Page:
The International Treaty’s goal is to ensure that plant genetic resources are accessible by everyone, especially farmers in developing countries, so that we can all benefit from a diversity of crops that can meet our nutritional needs.

Let’s look at four significant trends identified in the study that are shaping the way plants are feeding us and that demonstrate why genetic resources are so important for better production, nutrition, environment and livelihoods:

To date, we have relied on a handful of crops for most of our caloric needs. Yet, between 7 000 and 30 000 plant species are considered edible by humans. We need to expand the basket of crops on which we rely. ©FAO/Cristina Vega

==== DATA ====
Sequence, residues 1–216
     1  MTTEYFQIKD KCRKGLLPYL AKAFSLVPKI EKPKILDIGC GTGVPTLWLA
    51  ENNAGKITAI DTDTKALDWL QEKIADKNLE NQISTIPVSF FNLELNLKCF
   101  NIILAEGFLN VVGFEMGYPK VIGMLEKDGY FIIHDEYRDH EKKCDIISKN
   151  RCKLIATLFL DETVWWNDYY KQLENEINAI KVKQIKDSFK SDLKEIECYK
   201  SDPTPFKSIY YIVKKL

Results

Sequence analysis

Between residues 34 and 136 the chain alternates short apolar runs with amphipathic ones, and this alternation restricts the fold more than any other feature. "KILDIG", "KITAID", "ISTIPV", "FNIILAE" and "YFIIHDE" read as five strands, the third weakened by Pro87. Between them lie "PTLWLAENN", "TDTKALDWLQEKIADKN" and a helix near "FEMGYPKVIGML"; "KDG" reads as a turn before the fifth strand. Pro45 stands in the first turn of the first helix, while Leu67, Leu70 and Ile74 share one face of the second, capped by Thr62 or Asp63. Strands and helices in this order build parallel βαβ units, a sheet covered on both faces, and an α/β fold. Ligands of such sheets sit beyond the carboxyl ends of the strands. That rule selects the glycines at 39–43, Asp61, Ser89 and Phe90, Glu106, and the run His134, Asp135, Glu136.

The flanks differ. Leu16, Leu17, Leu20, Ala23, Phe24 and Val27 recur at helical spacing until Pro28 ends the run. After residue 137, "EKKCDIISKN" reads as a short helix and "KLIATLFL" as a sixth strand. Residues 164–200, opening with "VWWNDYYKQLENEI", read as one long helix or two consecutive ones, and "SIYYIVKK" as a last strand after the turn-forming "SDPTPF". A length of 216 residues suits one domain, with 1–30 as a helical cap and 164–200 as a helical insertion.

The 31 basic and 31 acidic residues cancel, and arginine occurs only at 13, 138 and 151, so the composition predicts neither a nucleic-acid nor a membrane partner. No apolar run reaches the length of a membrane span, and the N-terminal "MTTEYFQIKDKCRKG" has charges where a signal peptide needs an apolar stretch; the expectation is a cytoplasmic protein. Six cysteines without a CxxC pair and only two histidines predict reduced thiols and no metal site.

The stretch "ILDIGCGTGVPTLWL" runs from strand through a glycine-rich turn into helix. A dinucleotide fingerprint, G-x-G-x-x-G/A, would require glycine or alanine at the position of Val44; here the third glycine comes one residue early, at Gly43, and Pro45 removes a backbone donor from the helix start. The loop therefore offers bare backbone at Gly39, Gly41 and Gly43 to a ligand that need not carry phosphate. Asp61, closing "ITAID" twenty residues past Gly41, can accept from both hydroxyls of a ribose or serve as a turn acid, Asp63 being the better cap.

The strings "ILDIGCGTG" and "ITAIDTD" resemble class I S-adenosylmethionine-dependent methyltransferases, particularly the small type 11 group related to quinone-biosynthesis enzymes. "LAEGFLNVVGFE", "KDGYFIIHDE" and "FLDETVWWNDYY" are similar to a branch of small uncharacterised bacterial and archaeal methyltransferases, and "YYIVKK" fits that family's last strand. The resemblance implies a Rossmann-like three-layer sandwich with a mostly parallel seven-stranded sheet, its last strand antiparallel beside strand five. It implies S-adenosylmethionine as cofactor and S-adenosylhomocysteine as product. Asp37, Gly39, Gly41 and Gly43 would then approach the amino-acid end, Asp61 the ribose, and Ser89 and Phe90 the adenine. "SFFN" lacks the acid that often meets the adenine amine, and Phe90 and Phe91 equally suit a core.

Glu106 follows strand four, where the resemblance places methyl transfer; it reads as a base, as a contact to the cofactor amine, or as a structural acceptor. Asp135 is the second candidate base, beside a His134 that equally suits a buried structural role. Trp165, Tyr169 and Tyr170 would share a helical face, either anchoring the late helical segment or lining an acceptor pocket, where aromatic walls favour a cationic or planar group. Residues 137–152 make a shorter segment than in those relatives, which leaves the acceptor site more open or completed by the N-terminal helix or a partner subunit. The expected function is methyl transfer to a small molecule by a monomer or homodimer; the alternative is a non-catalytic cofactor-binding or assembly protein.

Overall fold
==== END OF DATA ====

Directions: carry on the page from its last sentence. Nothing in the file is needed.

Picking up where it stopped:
1. The concept of food security has expanded.

One reason our “food basket” will need to incorporate more plants than it used to is because our understanding of food security is evolving. More than 20 years ago, when the International Treaty was first drawn up, the emphasis was overwhelmingly on the calories needed to provide a basic diet and eradicate hunger. We now increasingly understand that the focus also needs to be on nutrition, delving into micro-nutrients as well as macronutrients.

In many countries, undernutrition and overnutrition coexist as diets undergo radical changes and processed products often supplant traditional foods. With the trends of overweight and obesity becoming as concerning as hunger, nutritious plants and not just caloric ones, need to be incorporated in our food basket.

2. The plants of the past are not necessarily the plants of the future.